Workshops & Conferences-Department of Philosophy - Carnegie Mellon University

Upcoming Workshops


Save the Date – NASSLLI 2018

June 25-29, 2018

We are excited to announce that in June 2018, the Department of Philosophy, with support from across the campus, will host the upcoming North American Summer School in Logic, Language and Information. NASSLLI is a biennial event inaugurated in 2001, which brings together faculty and graduate students from around the world, for a week of interdisciplinary courses on cutting edge topics at the intersection of philosophy, linguistics, computer science and cognitive science. The Summer School aims to promote discussion and interaction between students and faculty in these fields. High level introductory courses allow students in one field to find their way into related work in another field, while other courses focus on areas of active research. With its focus on formalization and on cross-disciplinary interactions, NASSLLI is a natural fit for us here at CMU. We are delighted to be hosting. The summer school will take place June 25-29, 2018, with prepatory events June 23-24.


Past Workshops and Conferences


Workshop on Exploitation and Coercion

Nov 4-5, 2016 - Center for Ethics & Policy

The Center for Ethics & Policy at Carnegie Mellon University invites paper abstracts for an inaugural Workshop on Ethics and Policy to be hosted November 4-5, 2016 at the CMU campus in Pittsburgh, PA. We are pleased to welcome Richard Arneson as our keynote speaker. In celebration of the 20th Anniversary of the publication of Alan Wertheimer's seminal work Exploitation, the theme for our inaugural workshop is "Exploitation and Coercion".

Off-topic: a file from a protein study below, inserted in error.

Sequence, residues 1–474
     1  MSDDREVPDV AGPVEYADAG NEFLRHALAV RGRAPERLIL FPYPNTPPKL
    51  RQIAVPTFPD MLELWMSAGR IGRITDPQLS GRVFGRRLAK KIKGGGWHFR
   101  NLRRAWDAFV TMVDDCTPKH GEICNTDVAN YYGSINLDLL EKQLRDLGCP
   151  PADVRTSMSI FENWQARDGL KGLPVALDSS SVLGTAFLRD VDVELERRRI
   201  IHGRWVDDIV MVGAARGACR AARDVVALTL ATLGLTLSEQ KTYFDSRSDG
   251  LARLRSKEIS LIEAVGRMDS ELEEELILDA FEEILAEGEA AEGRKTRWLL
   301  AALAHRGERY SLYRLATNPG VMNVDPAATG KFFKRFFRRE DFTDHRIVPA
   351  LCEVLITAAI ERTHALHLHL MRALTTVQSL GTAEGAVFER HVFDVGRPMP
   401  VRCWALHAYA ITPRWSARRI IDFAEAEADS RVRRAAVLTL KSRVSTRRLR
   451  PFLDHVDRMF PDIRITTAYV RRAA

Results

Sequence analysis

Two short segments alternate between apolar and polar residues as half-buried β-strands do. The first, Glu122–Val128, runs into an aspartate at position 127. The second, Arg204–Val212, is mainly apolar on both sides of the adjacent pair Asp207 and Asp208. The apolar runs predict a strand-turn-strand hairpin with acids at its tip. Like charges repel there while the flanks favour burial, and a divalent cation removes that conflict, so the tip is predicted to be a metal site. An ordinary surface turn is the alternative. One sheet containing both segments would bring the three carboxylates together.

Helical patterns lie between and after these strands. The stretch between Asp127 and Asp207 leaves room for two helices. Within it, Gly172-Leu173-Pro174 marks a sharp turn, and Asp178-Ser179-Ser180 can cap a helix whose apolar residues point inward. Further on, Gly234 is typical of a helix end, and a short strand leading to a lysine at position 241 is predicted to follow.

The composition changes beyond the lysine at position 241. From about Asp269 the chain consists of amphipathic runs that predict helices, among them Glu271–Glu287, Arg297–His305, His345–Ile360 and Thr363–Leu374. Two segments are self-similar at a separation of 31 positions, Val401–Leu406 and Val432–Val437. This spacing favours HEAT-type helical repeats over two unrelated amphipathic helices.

Download CFP


Attitudes and Questions Workshop

June 10 and 11, 2016 - Center for Formal Epistemology

Question embedding in natural language allows a subject to be related to a question by either a (traditionally) propositional attitude like knowledge and forgetting, or an (apparently) inherently question-oriented predicate like asking or wondering. Attitudes held of questions are an important locus of research into the semantics of both interrogative clauses and clause-embedding verbs, closely connected with the notion of the answerhood conditions of a question, and with the operations of composition involved in combining these types of predicates with semantically heterogeneous arguments. The attitudes that relate us to questions are also of considerable epistemic interest, touching on the nature of the knowledge relation and on the way that questions structure our inquiries. This workshop aims to bring together a diverse group of experts on the semantics and epistemic issues raised by these phenomena, to promote exchange of theoretical perspectives and approaches, and to help to move forward current work on questions and attitudes.

Workshop Schedule

Workshop Speakers:

Yimei Xiang

Harvard University

Sensitivity to false answers in indirect questions

Abstract:
Interpretations of indirect questions exhibit sensitivity to false answers (FAs). For instance, for John knows who came being true, John must have no false belief as to who came. This paper focuses on the following two facts, which challenge the current dominant view that FA-sensitivity is derived by exhaustifications (Klinedinst & Rothschild 2011): first, FA-sensitivity is involved in interpreting indirect mention-some questions (e.g., John knows where we can buy an Italian newspaper.) (George 2011, 2013); second, FA-sensitivity is concerned with all types of false answers, not just those that can be complete.

Carlotta Pavese

Duke University

Reducibility, George's challenge, and Intermediate Readings: In search for an Alternative Explanation

Abstract:
In my talk I consider a phenomenon that has been used in arguments against the reducibility of knowledge-wh to knowledge-that (George 2013). I defend a new account of the phenomenon that is compatible with reducibility and I argue that it is explanatorily more satisfying than alternative reducibility-unfriendly analyses.